WHO and health partners immunize hundreds of thousands of children in northern Syria


Children in north-western Syria received vaccinations through several campaigns and can benefit from routine immunization services in an increasing number of vaccination centres

In the current context of conflict, ensuring that children in northern Syria are fully immunized is a major challenge. WHO and health partners based in Turkey have risen to this task, immunizing hundreds of thousands of children in the last 5 years and working to re-establish routine immunization services. However, many more children as well as adults in northern Syria are still at risk of vaccine-preventable diseases.

Immunization levels in Syria decreased from over 80% in 2010, prior to the conflict, to 43% in 2014. Routine immunization has been heavily disrupted by the conflict and by population displacement. This large gap in population immunity leaves Syrians vulnerable to preventable diseases, as the 2017 polio outbreak and the current outbreak of measles in northern Syria show. Insecurity, population movements, emergencies and lack of funding challenge the capacities of WHO and health partners to reach every child with immunization.

Joining forces to increase immunization coverage

Solid partnerships help address these challenges.  “Strong and effective collaboration with the United Nations Children’s Fund (UNICEF), the Syria Immunization Group (SIG) and other health partners is a key success factor for WHO’s activities to increase immunization coverage of children in northern Syria,” says Dr Annette Heinzelmann, Emergency Coordinator at the WHO field office in Gaziantep, Turkey.

As a partner, WHO provides technical expertise to strengthen health and immunization capacities. It also supports operational costs for re-established vaccination centres in accessible areas of northern Syria and for supplementary immunization. UNICEF supplies vaccines and supports cold chain expansion as well as communication and social mobilization activities. SIG – a coalition of 22 nongovernmental organizations co-chaired by WHO and UNICEF – is the health partner that coordinates and implements all immunization activities in northern Syria.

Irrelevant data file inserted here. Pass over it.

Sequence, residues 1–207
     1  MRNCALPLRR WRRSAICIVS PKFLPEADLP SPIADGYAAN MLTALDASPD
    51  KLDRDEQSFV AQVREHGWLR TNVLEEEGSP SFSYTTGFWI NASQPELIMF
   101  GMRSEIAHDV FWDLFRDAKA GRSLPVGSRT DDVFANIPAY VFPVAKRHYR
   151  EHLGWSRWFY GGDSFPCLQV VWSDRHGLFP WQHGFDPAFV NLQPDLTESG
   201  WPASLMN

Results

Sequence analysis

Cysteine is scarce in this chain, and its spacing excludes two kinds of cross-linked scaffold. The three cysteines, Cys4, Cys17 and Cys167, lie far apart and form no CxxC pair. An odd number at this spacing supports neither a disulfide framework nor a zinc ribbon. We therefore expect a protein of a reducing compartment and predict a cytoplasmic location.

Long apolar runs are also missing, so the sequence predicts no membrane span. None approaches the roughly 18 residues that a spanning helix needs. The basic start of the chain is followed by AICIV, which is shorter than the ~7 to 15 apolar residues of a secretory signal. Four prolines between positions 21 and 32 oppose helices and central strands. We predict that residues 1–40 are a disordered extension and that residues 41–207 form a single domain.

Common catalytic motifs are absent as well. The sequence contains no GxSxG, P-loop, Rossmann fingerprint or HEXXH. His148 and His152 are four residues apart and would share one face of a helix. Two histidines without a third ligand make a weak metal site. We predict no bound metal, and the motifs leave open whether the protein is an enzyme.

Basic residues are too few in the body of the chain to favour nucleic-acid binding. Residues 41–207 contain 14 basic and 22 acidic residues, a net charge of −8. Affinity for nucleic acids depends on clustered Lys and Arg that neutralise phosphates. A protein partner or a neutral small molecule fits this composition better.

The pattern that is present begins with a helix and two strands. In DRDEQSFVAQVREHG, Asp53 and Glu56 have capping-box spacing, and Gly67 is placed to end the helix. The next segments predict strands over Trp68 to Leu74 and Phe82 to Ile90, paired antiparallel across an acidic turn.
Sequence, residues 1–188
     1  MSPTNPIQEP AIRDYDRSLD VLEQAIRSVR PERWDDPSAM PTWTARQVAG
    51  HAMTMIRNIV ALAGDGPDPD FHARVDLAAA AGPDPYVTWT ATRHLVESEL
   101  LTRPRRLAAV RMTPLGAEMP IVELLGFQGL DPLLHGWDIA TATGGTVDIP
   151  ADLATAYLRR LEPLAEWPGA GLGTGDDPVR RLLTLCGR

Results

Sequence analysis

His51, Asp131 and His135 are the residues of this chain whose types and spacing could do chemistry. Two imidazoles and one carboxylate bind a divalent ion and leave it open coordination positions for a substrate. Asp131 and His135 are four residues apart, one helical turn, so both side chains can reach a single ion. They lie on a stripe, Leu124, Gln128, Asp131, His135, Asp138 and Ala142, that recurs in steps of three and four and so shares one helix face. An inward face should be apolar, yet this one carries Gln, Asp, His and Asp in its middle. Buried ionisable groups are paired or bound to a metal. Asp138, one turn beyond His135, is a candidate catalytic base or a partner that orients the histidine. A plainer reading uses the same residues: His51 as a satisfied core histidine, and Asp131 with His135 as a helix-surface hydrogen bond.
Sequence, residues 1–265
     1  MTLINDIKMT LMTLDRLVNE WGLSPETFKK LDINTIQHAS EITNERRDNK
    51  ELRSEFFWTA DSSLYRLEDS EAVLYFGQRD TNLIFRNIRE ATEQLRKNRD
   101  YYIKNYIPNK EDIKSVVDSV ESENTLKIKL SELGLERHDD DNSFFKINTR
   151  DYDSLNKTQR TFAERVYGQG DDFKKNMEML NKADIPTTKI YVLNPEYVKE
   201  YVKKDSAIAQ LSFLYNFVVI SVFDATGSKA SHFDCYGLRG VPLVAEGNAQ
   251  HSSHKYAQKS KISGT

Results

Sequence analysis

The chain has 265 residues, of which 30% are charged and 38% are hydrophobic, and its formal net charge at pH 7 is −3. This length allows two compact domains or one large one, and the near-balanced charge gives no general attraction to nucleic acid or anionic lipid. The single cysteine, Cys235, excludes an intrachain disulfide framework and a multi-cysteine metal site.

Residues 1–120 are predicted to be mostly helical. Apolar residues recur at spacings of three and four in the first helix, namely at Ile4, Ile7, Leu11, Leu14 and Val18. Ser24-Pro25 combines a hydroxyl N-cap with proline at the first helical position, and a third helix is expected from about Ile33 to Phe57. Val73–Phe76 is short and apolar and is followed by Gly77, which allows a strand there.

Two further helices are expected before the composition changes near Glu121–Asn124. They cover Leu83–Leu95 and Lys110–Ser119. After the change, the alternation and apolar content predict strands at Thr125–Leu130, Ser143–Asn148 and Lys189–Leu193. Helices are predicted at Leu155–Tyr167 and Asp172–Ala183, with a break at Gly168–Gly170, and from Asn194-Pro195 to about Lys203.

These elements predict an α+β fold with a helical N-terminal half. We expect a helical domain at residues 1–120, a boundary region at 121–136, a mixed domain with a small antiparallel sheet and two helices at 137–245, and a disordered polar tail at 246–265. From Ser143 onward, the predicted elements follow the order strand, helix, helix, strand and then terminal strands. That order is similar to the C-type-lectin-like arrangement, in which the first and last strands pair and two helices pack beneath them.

A 2-tiered approach: risk-reduction campaigns and support to routine vaccination

In 2017 alone, WHO and health partners based in Gaziantep, Turkey, successfully rolled out several immunization campaigns in accessible areas of northern Syria to reduce the risks associated with the outbreak of circulating vaccine-derived poliovirus type 2 (cVDPV2) in north-eastern Syria. Five rounds of vaccination against poliomyelitis (polio) reached approximately 750 000 children under 5 years of age (multiple doses are needed for full protection). Vitamin A supplements, to strengthen the immune system and support the healthy growth and development of children, were also provided.

Campaigns continue in 2018 to protect against polio, respond to the measles outbreak and prevent other outbreaks; however, their full implementation is threatened by lack of funds. In addition, as of May 2018, about 80 vaccination centres have become operational and provide routine vaccination services in accessible areas of northern Syria, as part of the re-establishment of routine immunization services. By the end of 2018, it is planned to increase the number of centres up to 95 and expand their geographical coverage. Communication and social mobilization in the communities have played a crucial role in supporting successful vaccinations.

Protected together: commitment to immunization

As part of the European and World Immunization Week 2018, WHO, UNICEF, SIG and other partners came together in Gaziantep on 8 May 2018 to acknowledge the progress made so far towards improved access to quality immunization services for all young children in north-western Syria, and reiterate their commitment to immunization.


WHO’s immunization activities are kindly funded by the governments of Japan and Norway, the United States Agency for International Development (USAID), the European Commission's Humanitarian Aid and Civil Protection department (ECHO), and the United Kingdom’s Department for International Development (DFID).